Know thyself, know thy partner

There are many motivations for u.s. and international organizations to engage in international health activities. an invitation from a true partner who is part of the local community and its health system, knowledge and understanding of our respective motives and full transparency regarding our goals are all necessary if we are to do our best work.

How did the project come to be?

  • No project should be conducted without an invitation — even in times of emergency.

Was the invitation from a partner who is part of the local community?

  • The person issuing the invitation should be a local partner who is a part of the community. This reflects the U.S. Catholic health care experience in which the foundresses and founders came at an invitation, and came to stay permanently in service to that community.
  • Even in times of emergency, it is essential that we not assume permission to operate locally.

Is the partner who made the invitation part of the local health system?

  • While the local pastor may be enthusiastic about the project, local health providers must also be involved from the beginning.

Are the multiple motivations of the local partner known?

  • Just as U.S. partners have multiple motivations, so too might the local partner. The local partner may want not only the health services provided but could also be looking at the economic benefits such as the purchases from local vendors and the hiring of local staff.
  • Talking through the projected outcomes of any project can surface motivations and create a more transparent and trusting relationship.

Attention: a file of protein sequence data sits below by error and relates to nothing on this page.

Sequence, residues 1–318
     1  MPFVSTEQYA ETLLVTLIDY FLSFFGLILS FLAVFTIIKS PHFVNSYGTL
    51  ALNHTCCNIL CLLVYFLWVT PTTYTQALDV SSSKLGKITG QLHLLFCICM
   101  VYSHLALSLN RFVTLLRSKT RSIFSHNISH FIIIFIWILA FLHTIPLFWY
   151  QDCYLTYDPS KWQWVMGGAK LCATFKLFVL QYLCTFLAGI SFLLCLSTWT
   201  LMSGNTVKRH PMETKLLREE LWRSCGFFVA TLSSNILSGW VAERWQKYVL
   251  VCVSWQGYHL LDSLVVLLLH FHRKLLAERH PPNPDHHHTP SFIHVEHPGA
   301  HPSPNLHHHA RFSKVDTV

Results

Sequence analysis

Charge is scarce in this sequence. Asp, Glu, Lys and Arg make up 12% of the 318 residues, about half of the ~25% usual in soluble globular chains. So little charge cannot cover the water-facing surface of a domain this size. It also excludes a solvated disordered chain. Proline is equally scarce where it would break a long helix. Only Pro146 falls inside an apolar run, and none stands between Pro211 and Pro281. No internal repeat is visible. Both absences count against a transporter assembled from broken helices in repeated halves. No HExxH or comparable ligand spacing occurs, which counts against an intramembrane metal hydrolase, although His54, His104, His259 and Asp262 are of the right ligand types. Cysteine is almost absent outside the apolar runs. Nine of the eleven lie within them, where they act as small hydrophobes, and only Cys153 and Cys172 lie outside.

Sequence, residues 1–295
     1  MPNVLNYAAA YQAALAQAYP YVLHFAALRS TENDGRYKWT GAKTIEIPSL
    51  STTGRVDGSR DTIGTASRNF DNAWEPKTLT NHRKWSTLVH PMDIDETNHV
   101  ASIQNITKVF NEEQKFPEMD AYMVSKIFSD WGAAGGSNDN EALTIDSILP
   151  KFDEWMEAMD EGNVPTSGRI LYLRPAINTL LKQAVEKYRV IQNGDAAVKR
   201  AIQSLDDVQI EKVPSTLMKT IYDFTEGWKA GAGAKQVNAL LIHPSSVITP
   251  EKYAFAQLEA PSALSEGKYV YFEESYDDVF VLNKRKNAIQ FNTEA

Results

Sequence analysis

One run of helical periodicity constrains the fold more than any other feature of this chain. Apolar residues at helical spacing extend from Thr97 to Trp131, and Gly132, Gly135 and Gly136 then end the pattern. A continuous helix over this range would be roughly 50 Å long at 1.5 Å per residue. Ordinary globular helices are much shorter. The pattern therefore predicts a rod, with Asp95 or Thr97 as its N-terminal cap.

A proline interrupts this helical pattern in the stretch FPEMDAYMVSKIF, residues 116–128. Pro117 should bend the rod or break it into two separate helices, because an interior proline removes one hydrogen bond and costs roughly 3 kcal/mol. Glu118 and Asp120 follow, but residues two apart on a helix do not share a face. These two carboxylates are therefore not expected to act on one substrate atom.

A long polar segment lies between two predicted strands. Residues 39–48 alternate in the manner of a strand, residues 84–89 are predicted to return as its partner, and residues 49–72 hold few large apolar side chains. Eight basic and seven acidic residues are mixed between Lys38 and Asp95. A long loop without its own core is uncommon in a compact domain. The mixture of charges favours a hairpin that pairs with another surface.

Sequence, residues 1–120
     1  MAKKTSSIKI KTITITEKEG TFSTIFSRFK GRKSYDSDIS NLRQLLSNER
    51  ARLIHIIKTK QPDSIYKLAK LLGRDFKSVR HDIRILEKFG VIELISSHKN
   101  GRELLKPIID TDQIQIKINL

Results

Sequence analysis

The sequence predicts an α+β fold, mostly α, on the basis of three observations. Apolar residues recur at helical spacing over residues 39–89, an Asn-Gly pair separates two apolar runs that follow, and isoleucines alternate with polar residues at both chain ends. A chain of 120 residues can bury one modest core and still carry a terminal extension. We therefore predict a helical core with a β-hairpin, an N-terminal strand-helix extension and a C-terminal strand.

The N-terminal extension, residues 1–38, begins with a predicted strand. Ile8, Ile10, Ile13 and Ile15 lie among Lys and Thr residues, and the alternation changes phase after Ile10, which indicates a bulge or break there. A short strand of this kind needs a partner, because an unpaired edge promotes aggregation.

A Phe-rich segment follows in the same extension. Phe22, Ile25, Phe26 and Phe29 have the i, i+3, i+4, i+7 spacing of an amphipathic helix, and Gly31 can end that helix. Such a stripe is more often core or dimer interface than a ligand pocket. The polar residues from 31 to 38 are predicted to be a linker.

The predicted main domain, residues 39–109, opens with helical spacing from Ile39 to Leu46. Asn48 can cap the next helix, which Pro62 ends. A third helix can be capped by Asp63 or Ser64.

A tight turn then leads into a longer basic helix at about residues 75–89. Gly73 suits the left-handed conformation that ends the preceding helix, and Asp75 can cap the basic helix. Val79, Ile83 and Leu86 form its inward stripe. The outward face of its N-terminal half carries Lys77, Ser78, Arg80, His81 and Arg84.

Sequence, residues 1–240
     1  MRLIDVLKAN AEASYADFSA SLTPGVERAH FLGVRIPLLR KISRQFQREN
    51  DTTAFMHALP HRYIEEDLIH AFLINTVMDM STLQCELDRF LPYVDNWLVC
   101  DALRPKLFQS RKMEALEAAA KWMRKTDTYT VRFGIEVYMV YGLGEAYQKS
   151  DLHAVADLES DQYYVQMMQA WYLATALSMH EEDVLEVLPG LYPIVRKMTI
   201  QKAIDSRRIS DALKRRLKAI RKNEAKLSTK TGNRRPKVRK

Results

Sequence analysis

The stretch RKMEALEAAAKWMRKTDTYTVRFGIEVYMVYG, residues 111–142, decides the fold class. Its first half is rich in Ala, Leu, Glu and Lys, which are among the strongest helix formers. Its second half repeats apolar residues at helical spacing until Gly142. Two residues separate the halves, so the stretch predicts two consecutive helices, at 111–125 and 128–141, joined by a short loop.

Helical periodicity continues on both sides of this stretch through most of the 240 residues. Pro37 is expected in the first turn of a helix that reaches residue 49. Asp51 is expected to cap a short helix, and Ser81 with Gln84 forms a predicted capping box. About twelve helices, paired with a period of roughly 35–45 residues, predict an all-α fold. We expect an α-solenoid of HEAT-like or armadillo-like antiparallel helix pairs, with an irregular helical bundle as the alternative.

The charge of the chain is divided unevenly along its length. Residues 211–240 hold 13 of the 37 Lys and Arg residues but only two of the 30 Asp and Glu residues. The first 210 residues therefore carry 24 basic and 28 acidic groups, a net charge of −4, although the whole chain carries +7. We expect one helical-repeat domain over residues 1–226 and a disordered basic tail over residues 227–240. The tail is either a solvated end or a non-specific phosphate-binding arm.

Has a local needs assessment been conducted and were local partners involved?

  • Sometimes the first time organizational staff are actually overseas in the local partner's community is when they arrive to run a clinic or donate supplies. This could indicate that an assessment of local abilities was not conducted and might negate the building of relationships of trust.

Has a local asset assessment been conducted and were local partners involved?

  • Locally trained health workers or locally sourced equipment and supplies could be overlooked if only the needs of the community are assessed. Assets/human resources can only become known if sought out and surfaced.

Has a contract or MOU been signed?

  • The same due diligence and business acumen applied to U.S. partnerships should be a part of any international health project.
  • Understanding who is responsible for what in any interaction is important. In the case of international health projects, lines of accountability for any services provided, needed follow-ups and liability issues that arise must be clear.

For current projects, is it time for a new assessment?

  • Assessments should be done regularly. If a ministry has been working in or donating to a community for several years, new assessments should be conducted with the hope that progress has been made. If the needs of the community haven't changed nor the local assets/capacity increased in the years of a program, the project should be re-evaluated to surface gaps and root causes.